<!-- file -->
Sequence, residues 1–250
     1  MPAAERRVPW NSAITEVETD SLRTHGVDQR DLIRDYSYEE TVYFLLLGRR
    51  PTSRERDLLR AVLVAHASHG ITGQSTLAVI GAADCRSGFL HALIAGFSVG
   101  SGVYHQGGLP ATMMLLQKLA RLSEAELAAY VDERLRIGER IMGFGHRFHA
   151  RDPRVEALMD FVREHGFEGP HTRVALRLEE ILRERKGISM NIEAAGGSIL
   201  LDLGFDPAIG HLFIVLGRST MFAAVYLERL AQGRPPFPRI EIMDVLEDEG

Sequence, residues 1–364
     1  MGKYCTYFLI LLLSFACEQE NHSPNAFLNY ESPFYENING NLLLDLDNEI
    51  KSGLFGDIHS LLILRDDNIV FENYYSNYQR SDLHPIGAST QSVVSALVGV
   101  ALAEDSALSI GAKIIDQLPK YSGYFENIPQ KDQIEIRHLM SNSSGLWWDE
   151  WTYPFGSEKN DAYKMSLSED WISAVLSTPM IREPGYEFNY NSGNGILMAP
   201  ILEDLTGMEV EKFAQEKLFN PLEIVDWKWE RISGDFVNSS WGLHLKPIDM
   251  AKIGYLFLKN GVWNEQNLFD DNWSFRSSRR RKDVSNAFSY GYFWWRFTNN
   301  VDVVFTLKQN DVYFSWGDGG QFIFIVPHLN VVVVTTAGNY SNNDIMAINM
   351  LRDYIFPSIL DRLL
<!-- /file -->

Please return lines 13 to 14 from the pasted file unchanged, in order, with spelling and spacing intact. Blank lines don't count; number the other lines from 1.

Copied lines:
   251  AKIGYLFLKN GVWNEQNLFD DNWSFRSSRR RKDVSNAFSY GYFWWRFTNN
   301  VDVVFTLKQN DVYFSWGDGG QFIFIVPHLN VVVVTTAGNY SNNDIMAINM